When Mareike Geiling, a 28-year-old German teaching in Cairo, decided to donate her vacant room to a Malian refugee, she set in motion the events that led to the creation of Refugees Welcome, the renowned international organisation connecting people living in flatshares and houses with refugees in need of accommodation.
Other social founders have recognised the value of giving a refugee a place to sleep:
In Holland, Takecarebnb was founded in 2015 by Reinout de Kraker. While staying at an Airbnb, he read about the resistance among part of the population against the influx of refugees. His idea was simple: if refugees stay over with Dutch people, both parties learn to know one another. Strangers will become well-known people. He enthused an entire group of volunteers.
But the impact of displacement does not necessarily end once a refugee has found a new home. Several social founders have sought to help refugees deal with the physical and psychological effects of violence.
Freedom from Torture's Founder
Helen Bamber, Founder of The Medical Foundation for the Care of Victims of Torture, committed her life to supporting survivors of torture. In 1985, operating at first from a hut in the yard of the Amnesty International office, Helen and the five other founding members of Freedom from Torture began, with survivors, documenting evidence of torture. Today, over 57,000 survivors of torture have been referred to the organisation, which is one of the world's largest support centres.
"People often ask me why I have spent most of my life concerned with the consequences of conflict and violence. The honest answer is difficult. It is about the suffering of refugees. It is about the short life of compassion, how quickly it is born and how quickly it dies. It is about the stranger to whom we owe nothing. It is how our society will be judged and how we discover our humanity."
Helen Bamber OBE (1925-2014), Founder, Freedom from Torture (The Medical Foundation for the Care of Victims of Torture)
5. Faith is a huge driver
In researching the founders of organisations for refugees, I was struck by how many were motivated by their faith. "I have determined to take simple steps to seek justice, mercy and humility in policy and procedure.” writes Revd. Dr. Inderjit Boghal, founder of the City of Sanctuary movement. “As a Methodist Minister, and Pastor, I have worked with others, especially in Churches, to critique and challenge policy and procedure where it has been unjust and discriminatory.”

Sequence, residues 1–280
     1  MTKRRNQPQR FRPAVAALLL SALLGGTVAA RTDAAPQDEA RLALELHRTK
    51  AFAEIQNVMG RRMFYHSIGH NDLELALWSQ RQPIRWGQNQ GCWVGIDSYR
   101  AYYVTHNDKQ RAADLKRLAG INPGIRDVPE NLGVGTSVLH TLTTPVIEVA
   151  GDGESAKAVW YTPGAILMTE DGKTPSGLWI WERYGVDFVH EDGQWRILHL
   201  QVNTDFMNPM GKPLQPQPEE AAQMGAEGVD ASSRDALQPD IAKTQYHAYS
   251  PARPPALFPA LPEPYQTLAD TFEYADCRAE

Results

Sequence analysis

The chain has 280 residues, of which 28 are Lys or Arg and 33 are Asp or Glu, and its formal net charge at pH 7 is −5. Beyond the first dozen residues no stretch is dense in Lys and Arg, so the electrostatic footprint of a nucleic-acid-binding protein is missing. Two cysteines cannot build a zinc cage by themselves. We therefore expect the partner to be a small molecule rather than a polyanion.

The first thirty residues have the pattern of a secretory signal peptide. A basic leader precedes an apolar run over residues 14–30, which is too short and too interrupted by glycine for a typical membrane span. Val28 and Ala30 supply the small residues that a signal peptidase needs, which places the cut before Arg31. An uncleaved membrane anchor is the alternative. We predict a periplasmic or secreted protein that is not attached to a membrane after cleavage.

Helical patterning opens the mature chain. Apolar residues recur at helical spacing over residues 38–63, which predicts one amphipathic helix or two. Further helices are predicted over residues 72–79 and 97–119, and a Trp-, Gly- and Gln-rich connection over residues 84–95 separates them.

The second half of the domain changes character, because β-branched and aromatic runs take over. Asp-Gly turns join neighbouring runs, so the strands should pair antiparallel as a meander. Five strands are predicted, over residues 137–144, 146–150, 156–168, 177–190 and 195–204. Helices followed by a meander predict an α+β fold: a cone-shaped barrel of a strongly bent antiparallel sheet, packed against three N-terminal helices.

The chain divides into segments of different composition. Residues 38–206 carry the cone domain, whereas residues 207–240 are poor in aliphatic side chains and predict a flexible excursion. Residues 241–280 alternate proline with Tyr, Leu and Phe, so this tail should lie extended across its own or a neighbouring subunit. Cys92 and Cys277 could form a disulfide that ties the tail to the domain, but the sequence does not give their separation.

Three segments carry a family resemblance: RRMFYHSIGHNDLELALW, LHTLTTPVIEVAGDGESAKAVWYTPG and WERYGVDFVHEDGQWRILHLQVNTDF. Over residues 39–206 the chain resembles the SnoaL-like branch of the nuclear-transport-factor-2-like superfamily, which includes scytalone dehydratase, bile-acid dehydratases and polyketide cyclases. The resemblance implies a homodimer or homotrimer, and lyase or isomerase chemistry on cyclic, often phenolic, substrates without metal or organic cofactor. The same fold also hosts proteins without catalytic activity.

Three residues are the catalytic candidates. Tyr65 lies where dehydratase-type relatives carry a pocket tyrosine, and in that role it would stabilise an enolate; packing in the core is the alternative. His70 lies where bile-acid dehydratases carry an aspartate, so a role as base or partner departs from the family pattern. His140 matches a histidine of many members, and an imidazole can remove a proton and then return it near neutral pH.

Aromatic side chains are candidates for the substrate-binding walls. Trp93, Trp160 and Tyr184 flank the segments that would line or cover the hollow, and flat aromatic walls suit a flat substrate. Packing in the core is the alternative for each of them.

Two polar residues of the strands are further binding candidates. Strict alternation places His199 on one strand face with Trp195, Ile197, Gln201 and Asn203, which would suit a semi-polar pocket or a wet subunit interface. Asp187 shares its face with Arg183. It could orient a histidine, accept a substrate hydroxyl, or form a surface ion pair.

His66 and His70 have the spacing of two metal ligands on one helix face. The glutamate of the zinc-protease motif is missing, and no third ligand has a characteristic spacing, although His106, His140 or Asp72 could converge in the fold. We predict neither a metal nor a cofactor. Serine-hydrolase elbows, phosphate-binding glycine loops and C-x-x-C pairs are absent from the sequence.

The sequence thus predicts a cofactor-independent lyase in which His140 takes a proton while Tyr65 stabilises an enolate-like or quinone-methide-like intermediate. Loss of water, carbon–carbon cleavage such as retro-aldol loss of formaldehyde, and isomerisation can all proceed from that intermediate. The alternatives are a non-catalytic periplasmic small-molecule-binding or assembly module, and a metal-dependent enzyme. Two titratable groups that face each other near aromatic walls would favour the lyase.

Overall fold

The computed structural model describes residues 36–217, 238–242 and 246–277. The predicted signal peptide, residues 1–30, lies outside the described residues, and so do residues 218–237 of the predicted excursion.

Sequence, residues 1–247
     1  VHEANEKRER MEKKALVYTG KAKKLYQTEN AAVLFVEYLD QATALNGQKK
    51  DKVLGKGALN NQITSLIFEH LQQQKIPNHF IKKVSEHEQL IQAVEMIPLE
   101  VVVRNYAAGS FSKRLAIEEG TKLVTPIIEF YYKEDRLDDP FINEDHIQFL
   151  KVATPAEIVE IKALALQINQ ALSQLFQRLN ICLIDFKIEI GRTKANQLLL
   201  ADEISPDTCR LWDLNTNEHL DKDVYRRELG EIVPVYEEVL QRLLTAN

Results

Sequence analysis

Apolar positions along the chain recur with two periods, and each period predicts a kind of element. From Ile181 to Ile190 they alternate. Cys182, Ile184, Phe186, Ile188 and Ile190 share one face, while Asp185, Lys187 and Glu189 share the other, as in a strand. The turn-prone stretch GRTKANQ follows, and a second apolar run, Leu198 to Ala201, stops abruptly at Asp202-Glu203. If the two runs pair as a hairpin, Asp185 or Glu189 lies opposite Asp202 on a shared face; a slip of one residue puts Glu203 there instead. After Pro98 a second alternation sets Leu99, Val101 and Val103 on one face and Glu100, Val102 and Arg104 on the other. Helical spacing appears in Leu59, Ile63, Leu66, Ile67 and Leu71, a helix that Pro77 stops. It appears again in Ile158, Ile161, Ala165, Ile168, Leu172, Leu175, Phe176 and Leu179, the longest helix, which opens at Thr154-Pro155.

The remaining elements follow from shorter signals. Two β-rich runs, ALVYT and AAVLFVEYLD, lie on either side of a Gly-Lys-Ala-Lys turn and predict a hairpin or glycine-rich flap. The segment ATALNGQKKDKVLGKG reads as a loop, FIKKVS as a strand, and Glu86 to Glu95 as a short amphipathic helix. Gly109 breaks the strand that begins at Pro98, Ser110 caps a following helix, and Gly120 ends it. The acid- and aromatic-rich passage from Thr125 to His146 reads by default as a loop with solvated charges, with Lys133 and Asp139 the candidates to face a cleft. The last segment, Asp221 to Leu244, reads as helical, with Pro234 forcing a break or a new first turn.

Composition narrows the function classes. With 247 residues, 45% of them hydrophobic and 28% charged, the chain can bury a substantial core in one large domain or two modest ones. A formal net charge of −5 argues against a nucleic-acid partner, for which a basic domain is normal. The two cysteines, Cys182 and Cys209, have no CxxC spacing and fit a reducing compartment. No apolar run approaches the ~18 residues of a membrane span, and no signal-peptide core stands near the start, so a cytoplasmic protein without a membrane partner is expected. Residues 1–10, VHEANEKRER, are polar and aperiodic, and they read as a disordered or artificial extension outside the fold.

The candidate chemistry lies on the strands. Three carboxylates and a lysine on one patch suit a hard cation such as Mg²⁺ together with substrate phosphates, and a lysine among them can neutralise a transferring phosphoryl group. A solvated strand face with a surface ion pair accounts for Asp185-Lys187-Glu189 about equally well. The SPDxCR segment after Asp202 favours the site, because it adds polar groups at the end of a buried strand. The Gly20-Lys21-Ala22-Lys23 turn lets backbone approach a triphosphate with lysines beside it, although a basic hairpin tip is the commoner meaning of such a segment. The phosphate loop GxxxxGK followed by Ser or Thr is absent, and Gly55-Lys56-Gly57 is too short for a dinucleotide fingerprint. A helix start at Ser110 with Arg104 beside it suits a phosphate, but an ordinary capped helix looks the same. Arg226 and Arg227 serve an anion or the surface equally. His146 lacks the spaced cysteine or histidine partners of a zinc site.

“When I first shared the idea of Sheffield as a City of Sanctuary in 2005, I expected us to work four or five years to realise our objective. But after just two years we’d become a national movement and had the support of the Refugee Council.
The idea of Sanctuary is catching the imagination of people.”
Revd. Dr. Inderjit Boghal, Founder, City of Sanctuary movement.
The Revd. Colin Hodgetts, founder of Refugee Action, similarly saw social action as central to his role as a clergyman. “There were many clergy who became engaged as worker-priests, liberation theologians and opponents of apartheid and racial discrimination. Colin was one of them.” writes his friend, renowned Indian activist Satish Kumar.
Across Muslim, Hindu, Jewish and Christian communities there has been a groundswell of support for refugees, building on a long tradition across all faiths, across generations of social founders. To make sure you hear about our newest social founder news and profiles sign up here to our newsletter.
From local to global - social founders are supporting refugees.
The spectrum of founders making change happen, harnessing volunteers, experts, donors, governments, voices and media, is powerful and inspirational. Social founders create positive change across our world.
The refugee founder stories we have shared this month are just a very few, and very UK-based. There are so many more to celebrate. You can see some of their profiles in our Social Founder gallery here.